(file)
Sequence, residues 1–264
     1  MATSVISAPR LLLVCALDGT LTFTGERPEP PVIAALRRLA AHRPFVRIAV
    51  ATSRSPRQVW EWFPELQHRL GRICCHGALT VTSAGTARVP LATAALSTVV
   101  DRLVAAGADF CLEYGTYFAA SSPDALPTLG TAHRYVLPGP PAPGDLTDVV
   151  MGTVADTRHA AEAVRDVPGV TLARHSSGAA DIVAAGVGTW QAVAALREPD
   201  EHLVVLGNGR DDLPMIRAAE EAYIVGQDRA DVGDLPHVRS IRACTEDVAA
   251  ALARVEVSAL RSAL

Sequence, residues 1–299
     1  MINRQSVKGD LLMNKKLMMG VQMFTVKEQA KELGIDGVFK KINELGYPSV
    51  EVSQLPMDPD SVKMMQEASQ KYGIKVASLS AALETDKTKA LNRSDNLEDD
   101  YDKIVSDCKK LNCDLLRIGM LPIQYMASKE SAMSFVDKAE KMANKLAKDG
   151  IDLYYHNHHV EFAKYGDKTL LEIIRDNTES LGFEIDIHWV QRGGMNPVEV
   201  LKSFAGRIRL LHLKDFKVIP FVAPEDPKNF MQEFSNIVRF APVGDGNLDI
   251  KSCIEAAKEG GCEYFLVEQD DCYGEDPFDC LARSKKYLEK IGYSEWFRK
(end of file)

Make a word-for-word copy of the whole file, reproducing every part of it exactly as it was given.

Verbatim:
Sequence, residues 1–264
     1  MATSVISAPR LLLVCALDGT LTFTGERPEP PVIAALRRLA AHRPFVRIAV
    51  ATSRSPRQVW EWFPELQHRL GRICCHGALT VTSAGTARVP LATAALSTVV
   101  DRLVAAGADF CLEYGTYFAA SSPDALPTLG TAHRYVLPGP PAPGDLTDVV
   151  MGTVADTRHA AEAVRDVPGV TLARHSSGAA DIVAAGVGTW QAVAALREPD
   201  EHLVVLGNGR DDLPMIRAAE EAYIVGQDRA DVGDLPHVRS IRACTEDVAA
   251  ALARVEVSAL RSAL

Sequence, residues 1–299
     1  MINRQSVKGD LLMNKKLMMG VQMFTVKEQA KELGIDGVFK KINELGYPSV
    51  EVSQLPMDPD SVKMMQEASQ KYGIKVASLS AALETDKTKA LNRSDNLEDD
   101  YDKIVSDCKK LNCDLLRIGM LPIQYMASKE SAMSFVDKAE KMANKLAKDG
   151  IDLYYHNHHV EFAKYGDKTL LEIIRDNTES LGFEIDIHWV QRGGMNPVEV
   201  LKSFAGRIRL LHLKDFKVIP FVAPEDPKNF MQEFSNIVRF APVGDGNLDI
   251  KSCIEAAKEG GCEYFLVEQD DCYGEDPFDC LARSKKYLEK IGYSEWFRK